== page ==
Wednesday, April 27, 2016



     The Coronado Public Library (640 Orange Ave.) is one of the most beautiful libraries around. It was designed over 108 years ago in a classic revival style by architect Harrison Albright. Although it has been renovated on many occasions, the simplicity of the  large white columns and front portico have prevailed.
      The grounds are beautifully landscaped with huge old trees, including a rare Torrey pine and colorful blooming roses. The whimsical 14-foot-high sculpture of a sea dragon called “Imagine” is located near the front sidewalk and is on loan from Lemon Grove artist, Ken Kraber. It is one of many pieces of artwork that can be enjoyed here.
      The building, as well as the spacious block of surrounding park area, was a gift to the citizens of Coronado by sugar and shipping magnate John D. Spreckels in 1909. The library is directly across the street from Spreckels Park, also donated by Spreckels, who owned much of Coronado in the early 1900s, including the Hotel Del Coronado. The John D. Spreckels Center, which replaces the former Senior Center, is currently under construction to the west of the library.
When entering the library lobby, the first thing you will notice is an impressive 48-foot-long mural by Alfred Ramos Martinez called “El Dia del Mercado.” This fresco masterpiece was painted in 1938 for the walls of the popular, La Avenida Cafe, that closed in 1990. After careful transport and restoration, that involved cutting it into five separate sections and loading it into a crate before it was sent to storage. It was acquired and installed at the newly renovated and expanded Coronado Public Library in 2005. 

       A second painting by Martinez, “Canasta de Flores,” is attractively installed in the main section of the library. This colorful floral mural, which was covered by wallpaper and paint in the old cafe's cocktail lounge, was discovered by accident because it was covered with wallpaper. It was also restored, and then purchased by the Friends of the Library when the library was renovated.

The original charm of this building is still evident when you enter the Spreckels Reading Room, located in the older section of the building. It is now a comfortable and peaceful area with leather chairs, work tables, wooden bookcases, artwork, large windows, white walls, and a skylight high above.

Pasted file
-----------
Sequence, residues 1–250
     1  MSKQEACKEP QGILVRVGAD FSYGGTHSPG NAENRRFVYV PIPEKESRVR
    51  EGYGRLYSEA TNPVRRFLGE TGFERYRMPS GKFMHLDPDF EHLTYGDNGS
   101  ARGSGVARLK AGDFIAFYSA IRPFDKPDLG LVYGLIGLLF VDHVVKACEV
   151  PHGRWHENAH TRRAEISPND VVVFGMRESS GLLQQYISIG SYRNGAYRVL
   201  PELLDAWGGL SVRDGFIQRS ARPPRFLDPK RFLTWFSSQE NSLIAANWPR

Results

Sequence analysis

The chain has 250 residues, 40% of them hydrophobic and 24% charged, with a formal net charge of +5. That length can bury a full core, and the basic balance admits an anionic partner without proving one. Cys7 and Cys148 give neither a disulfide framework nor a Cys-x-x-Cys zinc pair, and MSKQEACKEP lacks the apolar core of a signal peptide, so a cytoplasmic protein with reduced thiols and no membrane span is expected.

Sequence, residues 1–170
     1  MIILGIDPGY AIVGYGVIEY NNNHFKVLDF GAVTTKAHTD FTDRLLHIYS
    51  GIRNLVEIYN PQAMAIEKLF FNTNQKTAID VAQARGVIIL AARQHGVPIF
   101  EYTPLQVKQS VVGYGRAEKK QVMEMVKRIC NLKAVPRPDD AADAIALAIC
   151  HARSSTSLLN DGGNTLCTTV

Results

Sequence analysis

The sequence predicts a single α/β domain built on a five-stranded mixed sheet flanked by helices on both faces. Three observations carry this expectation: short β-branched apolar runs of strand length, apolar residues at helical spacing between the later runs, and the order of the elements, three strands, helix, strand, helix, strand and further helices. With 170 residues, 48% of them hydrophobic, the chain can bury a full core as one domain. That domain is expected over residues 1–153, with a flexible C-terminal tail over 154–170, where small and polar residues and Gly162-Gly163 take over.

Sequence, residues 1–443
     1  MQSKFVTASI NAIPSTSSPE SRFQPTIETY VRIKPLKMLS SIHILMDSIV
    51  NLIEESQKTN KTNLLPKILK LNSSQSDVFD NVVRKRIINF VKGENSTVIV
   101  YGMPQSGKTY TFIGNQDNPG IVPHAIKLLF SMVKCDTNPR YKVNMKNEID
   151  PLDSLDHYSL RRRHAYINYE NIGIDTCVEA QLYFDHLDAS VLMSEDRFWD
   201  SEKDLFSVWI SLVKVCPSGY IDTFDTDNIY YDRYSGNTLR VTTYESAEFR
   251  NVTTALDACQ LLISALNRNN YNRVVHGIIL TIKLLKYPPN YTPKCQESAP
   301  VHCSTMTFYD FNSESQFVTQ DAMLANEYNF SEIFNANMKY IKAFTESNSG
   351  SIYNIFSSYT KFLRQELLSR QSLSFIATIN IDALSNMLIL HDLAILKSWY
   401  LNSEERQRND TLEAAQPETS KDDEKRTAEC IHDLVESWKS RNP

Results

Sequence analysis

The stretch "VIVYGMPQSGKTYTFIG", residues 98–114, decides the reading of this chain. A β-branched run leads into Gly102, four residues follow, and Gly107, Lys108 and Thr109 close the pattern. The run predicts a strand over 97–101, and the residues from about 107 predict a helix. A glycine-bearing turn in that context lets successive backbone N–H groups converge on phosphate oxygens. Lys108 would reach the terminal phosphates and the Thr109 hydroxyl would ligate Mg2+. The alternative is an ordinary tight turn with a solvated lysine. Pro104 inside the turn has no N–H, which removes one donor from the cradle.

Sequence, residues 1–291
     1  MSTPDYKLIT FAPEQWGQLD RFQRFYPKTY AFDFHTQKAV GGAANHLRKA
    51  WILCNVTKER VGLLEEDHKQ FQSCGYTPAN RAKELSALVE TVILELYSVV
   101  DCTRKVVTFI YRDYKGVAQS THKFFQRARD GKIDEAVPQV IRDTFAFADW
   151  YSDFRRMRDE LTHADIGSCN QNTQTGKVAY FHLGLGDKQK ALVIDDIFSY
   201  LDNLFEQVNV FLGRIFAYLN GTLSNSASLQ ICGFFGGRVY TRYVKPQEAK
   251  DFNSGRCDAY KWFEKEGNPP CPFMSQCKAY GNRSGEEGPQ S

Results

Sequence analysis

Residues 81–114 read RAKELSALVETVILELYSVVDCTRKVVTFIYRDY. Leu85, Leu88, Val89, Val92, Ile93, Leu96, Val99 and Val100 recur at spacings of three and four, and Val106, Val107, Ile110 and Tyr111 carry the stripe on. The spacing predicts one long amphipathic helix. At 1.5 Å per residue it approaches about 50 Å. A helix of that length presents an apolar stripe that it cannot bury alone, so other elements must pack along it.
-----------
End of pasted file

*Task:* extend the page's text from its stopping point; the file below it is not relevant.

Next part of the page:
I have a special appreciation for the scenes from the Wizard of Oz, by artist Brenda Smith, that are printed on glass, and installed as suspended panels as you enter the children's library. I also enjoy the display case that changes with the season and is currently a Fairytale Tea Party. It reminds me of the Christmas windows we used to enjoy at Dayton's in downtown Minneapolis when I was young. I like to bring my granddaughter, Mila, here for the popular storytimes. Afterwards, she especially likes to watch the model train that circles above the bookcases in the children's section.

       Also of interest to visitors are the rotating exhibits to view in the gallery as you enter the main library. They change every six to eight weeks; currently on display is The Art of Album Covers. Recent exhibits have included: Designed by Edith Head, the Art of Folk Costume; and World War II in Words and Pictures.

      The Coronado Public Library is open every day of the week, including four weekday evenings until 9 p.m. It offers a wide range of services, databases, lectures, and special programs that are provided free of charge. Information can be found on its website.

      The annual Friends of the Library Book Sale is held annually on the third weekend of April; raising $33,000 for the library in 2016.  It is one of the largest in the country with thousands of books, CDs, and DVDs for sale. It is held in tents located directly across the street from the library in Spreckels Park on the same weekend as the popular Coronado Flower Show.

The only thing that you absolutely have to know, is the location of the library.” -Albert Einstein
Revised July 15, 2017

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